Soap Opera Digest 1996
By: Jason Bonderoff
On the Eve of Her Silver Anniversary, Four Time Emmy Winner
Erika Slezak Remembers Her Nightmare First Day
"I think of quitting
once a week," declares Erika Slezak on the eve of her 25th anniversary as One
Life to Live's personality-plus heroine, Victoria Lord Burke Reilly Buchanan
Carpenter. Not that she's bored with the job (gosh no!) or disenchanted with
acting. Far from it. It's just that even a four-time Emmy-winner gets the very
human urge to go AWOL occasionally. "When I'm tired and it's 5 in the morning, I
wake up and think, 'I don't want to get up today," she laughs. "It's snowing.
It's freezing cold outside. I think I'll quit."
These days, that impulse only lasts about as long as it takes to warm up her
car and head for the expressway. But back on March 17, 1971, when the chance to
do OLTL came along, she nearly ran in the other direction. A graduate of
London's Royal Academy of Dramatic Arts, the under-25 actress was more at home
with Chekhov and Noel Coward than split personalities. If anything, she was sure
she'd blown her audition.
"I did my scene with Bernie Grant, who was playing [Steve Burke]," she
recalls. "When I finished, I had this sea of stone faces looking at me. [Casting
Director] Joan D'Incecco kind of whispered with a half smile, 'Thank you very
much. We'll let you know.' I thought, 'Well, I royally screwed that one up.' I
think Bernie felt sorry for me, because as we left, he asked, 'Would you like to
get a cup of coffee?' I said, "That's very nice, but no, thank you.' He was
probably relieved. He was just trying to be polite to this young kid.
"I went to my agent's office, thinking 'Well, didn't get that job.' The phone
rang, and my agent had a one-sided conversation. He kept going, 'Okay, uh-huh.'
He hung up and [told me], 'By the way, that was them.' I went, 'What do you mean
that was them?' He said, 'It was One Life to Live. They want you to start
"In that one little sentence, it was like a lifetime took place. I thought,
'Oh, great! I have a job!' My mind flashed ahead to, 'I wonder when I'll start.
Probably in April. I'll have time to get an apartment. I can probably even watch
shooting [to familiarize myself with the show].' Then I heard him say, 'You
start tomorrow.' This fantasy went clunk. I went, 'Tomorrow! I've never done
television.' I'd only done plays, where you had four weeks to learn a script, so
I went berserk. 'Oh, my God, how am I going to learn it?' I ran to the studio,
picked up the script, went home and - except for calling my mother and father to
tell them the news - didn't think about anything else. I memorized that script
backwards, forwards, upside-down."
"The next morning, David Pressman [the director] introduced me. It seems I
was the fourth Viki! Nobody knew Victoria had been recast again, because the
girl who had been playing her was fired on Tuesday afternoon after they hired
me. They called her in at the end of the day and said, 'Thank you very much, but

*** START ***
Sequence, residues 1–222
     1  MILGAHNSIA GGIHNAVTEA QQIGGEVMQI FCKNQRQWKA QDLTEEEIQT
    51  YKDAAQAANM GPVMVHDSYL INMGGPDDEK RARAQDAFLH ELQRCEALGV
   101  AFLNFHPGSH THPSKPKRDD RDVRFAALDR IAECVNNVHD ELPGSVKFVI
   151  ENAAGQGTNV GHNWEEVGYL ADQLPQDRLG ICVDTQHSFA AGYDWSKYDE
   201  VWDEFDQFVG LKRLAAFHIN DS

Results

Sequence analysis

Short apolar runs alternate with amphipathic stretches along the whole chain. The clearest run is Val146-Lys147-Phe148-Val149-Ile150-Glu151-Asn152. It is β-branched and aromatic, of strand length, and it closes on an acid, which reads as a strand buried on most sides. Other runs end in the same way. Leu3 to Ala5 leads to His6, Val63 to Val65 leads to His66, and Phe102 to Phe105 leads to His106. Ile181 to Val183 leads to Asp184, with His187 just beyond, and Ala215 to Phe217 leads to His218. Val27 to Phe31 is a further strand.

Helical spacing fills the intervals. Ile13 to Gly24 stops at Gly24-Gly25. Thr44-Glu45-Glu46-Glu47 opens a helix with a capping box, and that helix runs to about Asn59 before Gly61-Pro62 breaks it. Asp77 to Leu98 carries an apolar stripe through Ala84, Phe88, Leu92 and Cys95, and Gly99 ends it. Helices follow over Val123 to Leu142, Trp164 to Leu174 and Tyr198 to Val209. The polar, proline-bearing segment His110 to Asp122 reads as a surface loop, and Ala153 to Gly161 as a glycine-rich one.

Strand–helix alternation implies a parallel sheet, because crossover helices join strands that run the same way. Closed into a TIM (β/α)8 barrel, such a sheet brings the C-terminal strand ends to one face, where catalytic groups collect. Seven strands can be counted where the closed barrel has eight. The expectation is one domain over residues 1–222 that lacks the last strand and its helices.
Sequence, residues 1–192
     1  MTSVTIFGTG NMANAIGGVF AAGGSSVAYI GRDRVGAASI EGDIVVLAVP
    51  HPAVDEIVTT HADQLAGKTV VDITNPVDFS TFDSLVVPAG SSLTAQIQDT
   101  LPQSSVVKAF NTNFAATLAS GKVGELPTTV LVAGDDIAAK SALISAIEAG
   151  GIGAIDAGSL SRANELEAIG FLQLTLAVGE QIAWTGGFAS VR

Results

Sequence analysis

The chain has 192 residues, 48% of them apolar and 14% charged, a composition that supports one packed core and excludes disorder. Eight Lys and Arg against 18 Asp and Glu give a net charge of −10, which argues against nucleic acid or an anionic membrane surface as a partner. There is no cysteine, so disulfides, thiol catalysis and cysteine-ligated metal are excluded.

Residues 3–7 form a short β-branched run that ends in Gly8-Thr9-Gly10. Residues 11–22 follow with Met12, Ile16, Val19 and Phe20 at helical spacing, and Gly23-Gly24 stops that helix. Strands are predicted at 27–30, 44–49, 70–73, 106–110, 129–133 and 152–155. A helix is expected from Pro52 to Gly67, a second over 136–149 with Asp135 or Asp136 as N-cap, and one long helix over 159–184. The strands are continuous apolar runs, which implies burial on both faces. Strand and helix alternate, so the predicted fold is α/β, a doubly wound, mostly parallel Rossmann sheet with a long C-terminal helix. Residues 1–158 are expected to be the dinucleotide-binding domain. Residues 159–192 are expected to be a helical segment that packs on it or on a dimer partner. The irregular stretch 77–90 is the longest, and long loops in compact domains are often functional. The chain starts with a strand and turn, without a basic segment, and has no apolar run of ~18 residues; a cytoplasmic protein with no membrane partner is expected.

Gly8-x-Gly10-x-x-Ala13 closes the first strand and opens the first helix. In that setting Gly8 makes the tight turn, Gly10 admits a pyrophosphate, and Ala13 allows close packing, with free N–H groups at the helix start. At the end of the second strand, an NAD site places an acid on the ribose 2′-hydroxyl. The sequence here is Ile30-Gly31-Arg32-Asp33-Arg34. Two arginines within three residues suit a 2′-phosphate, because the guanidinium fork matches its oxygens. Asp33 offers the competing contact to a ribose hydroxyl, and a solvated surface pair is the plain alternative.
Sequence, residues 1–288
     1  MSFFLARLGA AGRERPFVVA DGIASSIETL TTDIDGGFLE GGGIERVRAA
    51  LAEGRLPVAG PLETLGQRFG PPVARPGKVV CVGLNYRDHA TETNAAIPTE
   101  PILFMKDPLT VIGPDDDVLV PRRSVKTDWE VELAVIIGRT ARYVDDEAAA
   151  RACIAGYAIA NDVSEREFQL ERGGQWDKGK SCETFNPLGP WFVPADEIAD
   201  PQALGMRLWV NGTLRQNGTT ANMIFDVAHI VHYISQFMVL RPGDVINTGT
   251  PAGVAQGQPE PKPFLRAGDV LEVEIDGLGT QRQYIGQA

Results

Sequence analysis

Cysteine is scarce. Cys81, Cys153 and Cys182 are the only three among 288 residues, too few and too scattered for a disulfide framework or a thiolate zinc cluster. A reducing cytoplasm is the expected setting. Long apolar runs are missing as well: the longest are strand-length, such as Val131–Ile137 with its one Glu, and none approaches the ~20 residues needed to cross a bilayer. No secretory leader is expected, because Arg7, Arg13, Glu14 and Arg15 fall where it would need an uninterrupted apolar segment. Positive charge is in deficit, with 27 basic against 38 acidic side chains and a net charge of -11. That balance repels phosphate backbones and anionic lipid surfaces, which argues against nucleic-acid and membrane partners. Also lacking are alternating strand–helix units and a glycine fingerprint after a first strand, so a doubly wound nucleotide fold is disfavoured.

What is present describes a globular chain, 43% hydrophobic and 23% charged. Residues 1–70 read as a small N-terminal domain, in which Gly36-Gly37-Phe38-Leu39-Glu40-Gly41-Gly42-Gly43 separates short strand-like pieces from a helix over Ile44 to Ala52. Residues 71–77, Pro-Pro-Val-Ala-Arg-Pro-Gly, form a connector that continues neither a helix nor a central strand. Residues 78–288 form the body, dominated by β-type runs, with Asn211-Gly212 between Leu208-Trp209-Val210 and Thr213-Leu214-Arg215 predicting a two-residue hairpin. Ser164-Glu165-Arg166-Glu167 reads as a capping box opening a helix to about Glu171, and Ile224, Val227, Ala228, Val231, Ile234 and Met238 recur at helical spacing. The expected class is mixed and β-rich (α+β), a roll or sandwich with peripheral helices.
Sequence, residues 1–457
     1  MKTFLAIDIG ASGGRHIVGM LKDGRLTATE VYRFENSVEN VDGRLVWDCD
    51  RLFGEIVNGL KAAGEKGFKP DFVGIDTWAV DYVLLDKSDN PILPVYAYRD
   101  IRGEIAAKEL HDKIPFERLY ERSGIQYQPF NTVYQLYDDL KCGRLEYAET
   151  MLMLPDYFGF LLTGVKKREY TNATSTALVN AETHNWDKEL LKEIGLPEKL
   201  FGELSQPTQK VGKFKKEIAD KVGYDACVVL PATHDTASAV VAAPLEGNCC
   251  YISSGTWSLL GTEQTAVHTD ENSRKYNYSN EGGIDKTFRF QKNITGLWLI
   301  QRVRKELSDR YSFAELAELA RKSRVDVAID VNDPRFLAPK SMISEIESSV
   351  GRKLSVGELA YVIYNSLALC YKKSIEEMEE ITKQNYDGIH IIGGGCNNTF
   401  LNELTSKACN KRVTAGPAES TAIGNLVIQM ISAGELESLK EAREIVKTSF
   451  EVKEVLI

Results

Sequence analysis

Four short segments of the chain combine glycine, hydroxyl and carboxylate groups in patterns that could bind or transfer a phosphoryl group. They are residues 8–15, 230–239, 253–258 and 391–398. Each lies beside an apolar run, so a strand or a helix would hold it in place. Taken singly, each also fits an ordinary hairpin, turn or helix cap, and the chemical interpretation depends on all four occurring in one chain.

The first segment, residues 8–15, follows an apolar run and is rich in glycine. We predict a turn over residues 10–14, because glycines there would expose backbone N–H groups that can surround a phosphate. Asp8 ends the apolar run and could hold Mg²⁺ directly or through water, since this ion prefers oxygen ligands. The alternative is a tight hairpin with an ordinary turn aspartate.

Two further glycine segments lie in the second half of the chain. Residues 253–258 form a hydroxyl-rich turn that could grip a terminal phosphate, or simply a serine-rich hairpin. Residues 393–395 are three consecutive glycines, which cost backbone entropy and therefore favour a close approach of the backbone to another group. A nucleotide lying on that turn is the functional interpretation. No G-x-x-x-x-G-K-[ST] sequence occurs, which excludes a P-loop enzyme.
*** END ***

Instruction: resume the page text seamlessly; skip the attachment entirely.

good-bye.' I don't know why. I never asked, but as I understand it, they were
beginning a new story, the romance with Steve, and they were not terribly happy
"The first Viki never made it on the air. She did promos and then was fired.
Gillian Spencer played Viki for two years, and when she left [voluntarily], they
hired this other actress, who only lasted three or four months. I didn't know
this. I had no idea what was going on. People walked in and went, 'Oh, hello.
Who are you?' I said, 'I'm playing Victoria.' They said, 'You are? What happened
to so-and-so?' But people were incredibly nice, especially Ernie Graves and Lynn
Benesch, who played my father and my sister, Meredith. Nat Polen, who played
Jim, literally took me by the hand and walked me through the day. The stage
manager and hairdresser took good care of me, too. They kept asking, 'So how
many other shows have you done?' I went, 'Uh, none.' They said, 'Well, how come
you're so calm?' I said, 'It's acting.' I was a basket case. But I knew I had to
make it work, so I somehow got through the day.
"My first scene was in the Lord foyer. The doorbell rang. I opened the door
for Meredith, then went into the library. The costume designer, Hazel Roy, had
dressed [me] in an elegant suit. Before I went on, Hazel tucked a penny in my
pocket. She said, 'This is for good luck.' I've never forgotten it, because that
was the luckiest penny I've ever had.
Does “Woodsy Owe Her
“Erika Slezak got me cast,” reveals Robert S. Woods who's been her
friend and co-star since 1979. “I screen-tested with her, and she went to bat
for me with the producers. She told then, 'He's the one I like!' “Slezak
concurs: “I liked him from the minute I set eyes on him. I said, 'This guy has
charm, he has humor, he has hat impish, boyish quality and he can act. What else
are you looking for, people?”
Although Woods was brought on as a potential love interest for Slezak, the
story was dropped (due to her real life pregnancy). Today, the Emmy pros are
pals who trade tips on everything from station wagons to wallpaper. Has Woods
borrowed anything from Slezak? “Everybody can borrow her work ethic,” he smiles.
The Secret of Viki's Success: "Most rich characters stay at their end of
town, but Viki never has. She reaches across class and racial barriers."
True Grit: "There are days when the material is boring beyond belief because
we're just standing around somebody else's party. But that's what they pay us
Favorite Story: "I loved playing Miss Ginny in the Old West."
Why Viki and Dorian Shouldn't Be Romantic Rivals: "I don't think the same guy
would go for both women."
Personal Mantra: "This isn't just a job. Try to make it art everyday."